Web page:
We live in a time when social networks such as Facebook, Twitter, Google+, et al., not only connect us, they become part of our digital lifestyle. But it’s not just about how these networks help us connect and communicate with others. Whether we know it or not, our social activity now contributes to our stature within each network. New services such as Klout and PeerIndex among many others not only measure who you know, what you say, and what you do, they attempt to score or rank your ability to influence those to whom you’re connected. As a result, social network users are now starting to rethink how they connect and communicate to improve their stature within each network. And at the same time, brands are taking notice, as these services also help organisations identify individuals who are both connected and relevant to help expand reach into new media and markets.
Tools to help you measure your digital brand influence
Klout measures more than 35 different variables grouped into three basic areas: True Reach, the size of the engaged audience; Amplification, the likelihood content will be acted upon by others; and Network, the influence level of the engaged audience. Your company’s True Reach, Amplication, and Network combine to create the overall Klout score, which is a number 1 to 100.
If your online presence achieves a score above a certain threshold, you are deemed “influential,” and basically eligible to enjoy the fruits of being an influential person. Klout connects influential members and brands together, so those with high Klout scores may receive a slew of luxurious benefits.
Klout is far from perfect as it can be infinitely complex. However it does help brands improve the quality of their analytics as Klout works on improving its accuracy.
PeerIndex, launched by Azhar in 2009, draws many similarities to Klout. In addition to linking similar social media, PeerIndex also creates three sub-scores (Authority, Activity, and Audience) and one overall score. PeerIndex differs in its approach to best understanding and engaging your social network.
“We’re focusing on social impact and this idea of your topic graph: The subjects that you care about, the extent that those people in your networks care about those subjects, and what you have to say,” Azhar explains. “We show you what you talk about frequently, and the extent to which you resonate with other people on those subjects. We’re giving you a sense of your interest graph and how important you are in those topic communities.”
PeerIndex also offers one of Klout’s key features: Connecting similarly-minded brands and individuals. PeerIndex believes bringing companies and their benefactors closer together can be mutually advantageous.
Twitalyzer avoids focusing on “more narcissistic measures of personal self worth and ego” and collects “hard data” in the form of Impact, Engagement, Velocity, Reach, and several other metrics, which allow you to understand how you use Twitter.
Twitalyzer even allows you to incorporate your Klout and PeerIndex scores, but this tool’s strength is allowing you to assess the power of each individual tweet, telling you which of your trends and topics are most popular.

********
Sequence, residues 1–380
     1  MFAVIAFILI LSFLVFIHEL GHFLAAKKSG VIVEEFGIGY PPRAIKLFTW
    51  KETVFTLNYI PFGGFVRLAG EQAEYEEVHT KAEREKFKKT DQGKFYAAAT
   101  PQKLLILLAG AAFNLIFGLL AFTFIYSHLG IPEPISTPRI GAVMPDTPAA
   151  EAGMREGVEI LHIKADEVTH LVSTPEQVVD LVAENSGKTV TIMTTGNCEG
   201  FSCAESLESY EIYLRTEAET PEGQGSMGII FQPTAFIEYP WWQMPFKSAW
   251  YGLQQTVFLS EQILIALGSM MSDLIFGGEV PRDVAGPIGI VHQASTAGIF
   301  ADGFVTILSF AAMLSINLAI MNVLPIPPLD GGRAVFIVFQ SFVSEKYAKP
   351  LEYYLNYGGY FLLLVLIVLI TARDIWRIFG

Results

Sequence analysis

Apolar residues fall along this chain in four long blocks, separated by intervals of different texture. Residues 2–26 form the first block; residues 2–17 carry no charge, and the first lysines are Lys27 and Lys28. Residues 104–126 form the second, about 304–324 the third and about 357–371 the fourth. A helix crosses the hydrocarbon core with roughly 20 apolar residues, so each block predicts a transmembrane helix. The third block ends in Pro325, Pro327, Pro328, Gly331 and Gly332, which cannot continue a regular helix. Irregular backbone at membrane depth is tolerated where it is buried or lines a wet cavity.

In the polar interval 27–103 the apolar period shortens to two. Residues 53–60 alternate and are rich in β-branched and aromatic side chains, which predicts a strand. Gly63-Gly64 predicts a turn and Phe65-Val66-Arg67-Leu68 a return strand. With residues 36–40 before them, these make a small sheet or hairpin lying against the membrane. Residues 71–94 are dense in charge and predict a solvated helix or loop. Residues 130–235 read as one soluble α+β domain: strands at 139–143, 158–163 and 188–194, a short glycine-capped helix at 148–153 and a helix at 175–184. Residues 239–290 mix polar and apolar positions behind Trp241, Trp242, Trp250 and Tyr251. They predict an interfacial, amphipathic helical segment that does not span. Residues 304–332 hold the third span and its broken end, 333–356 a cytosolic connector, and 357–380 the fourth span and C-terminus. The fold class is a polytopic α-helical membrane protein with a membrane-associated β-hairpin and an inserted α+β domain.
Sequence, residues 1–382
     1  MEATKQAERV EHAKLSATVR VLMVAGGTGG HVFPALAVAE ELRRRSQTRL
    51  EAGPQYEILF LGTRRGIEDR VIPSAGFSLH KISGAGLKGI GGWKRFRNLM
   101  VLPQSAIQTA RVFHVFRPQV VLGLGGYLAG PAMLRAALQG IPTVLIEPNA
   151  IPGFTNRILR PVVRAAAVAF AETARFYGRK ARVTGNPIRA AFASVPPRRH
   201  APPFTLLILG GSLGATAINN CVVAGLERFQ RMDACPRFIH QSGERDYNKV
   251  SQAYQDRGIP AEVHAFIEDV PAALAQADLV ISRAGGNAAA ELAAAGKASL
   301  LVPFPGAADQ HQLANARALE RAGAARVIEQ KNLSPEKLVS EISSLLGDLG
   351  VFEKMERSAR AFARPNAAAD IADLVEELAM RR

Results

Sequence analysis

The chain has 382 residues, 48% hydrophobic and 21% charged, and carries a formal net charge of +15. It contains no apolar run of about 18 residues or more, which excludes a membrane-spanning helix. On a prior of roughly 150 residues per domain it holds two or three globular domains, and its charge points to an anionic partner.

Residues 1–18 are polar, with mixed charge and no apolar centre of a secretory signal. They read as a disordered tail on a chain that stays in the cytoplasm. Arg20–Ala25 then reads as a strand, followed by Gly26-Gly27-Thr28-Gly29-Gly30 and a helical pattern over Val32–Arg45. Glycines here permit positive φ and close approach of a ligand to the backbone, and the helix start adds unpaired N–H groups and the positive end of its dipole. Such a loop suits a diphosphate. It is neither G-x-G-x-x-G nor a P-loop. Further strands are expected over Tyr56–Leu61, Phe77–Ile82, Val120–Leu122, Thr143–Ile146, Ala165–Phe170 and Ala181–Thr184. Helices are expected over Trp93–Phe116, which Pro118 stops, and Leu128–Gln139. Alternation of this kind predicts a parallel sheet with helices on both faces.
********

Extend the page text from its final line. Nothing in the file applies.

Other notable features include benchmarks, a way to compare your data with that of influential people you follow on Twitter, as well as subscription plans that offer special features like in-depth analysis, competitive account tracking, phone support, and API access.
Crowdbooster — funded by Y Combinator — also focuses exclusively on Twitter, but its tracking service also lets a user see the full reach of their tweets. It keeps track of your follower growth, top retweeters and your most influential followers. Your tweets are presented on a scatter plot graph, making it easy to view which tweets and topics garnered the most engagement.
Crowdbooster also recommends specific times during the day to tweet, based on the times your most influential followers are most active. To top it off, the program also allows you to schedule reminder notifications to tweet.
Measuring numbers and bringing numbers up isn’t the endgame for this tool. The endgame is talking to your loyal customers and helping out your brand.
Measure your brand’s online influence: Take a long view
Measuring online influence can be useful — and has the potential to reinforce your social media strategy, particularly for growing brands looking to utilise technology to make their jobs easier and more effective.
The fact is research has shown that online consumers are influenced by brand or product recommendations by members of their social network.
Within social networks, being ‘liked’ or ‘promoted’ is also critical, as results show that social networks influence impressions and ultimately the bottom line. For brands, the importance of being ‘liked’ is the generational equivalent of being ‘recommended’ at the backyard BBQ.
However ongoing engagement is what’s key: more than 25% of online followers ’unlike’ or stop ‘following’ a brand or company at any given and the main reasons given for ‘unliking’ is that the consumer simply loses interest.
The lesson is that as a brands you cannot assume that once a consumer befriends your company online that they will be friends for life.
To be successful, brands must work on their virtual relationships long-term as hard as they work on their face-to-face ones.
So get busy!
Tell us how successful your brand influence strategy has been and we’d love to see what more we can do to enhance it.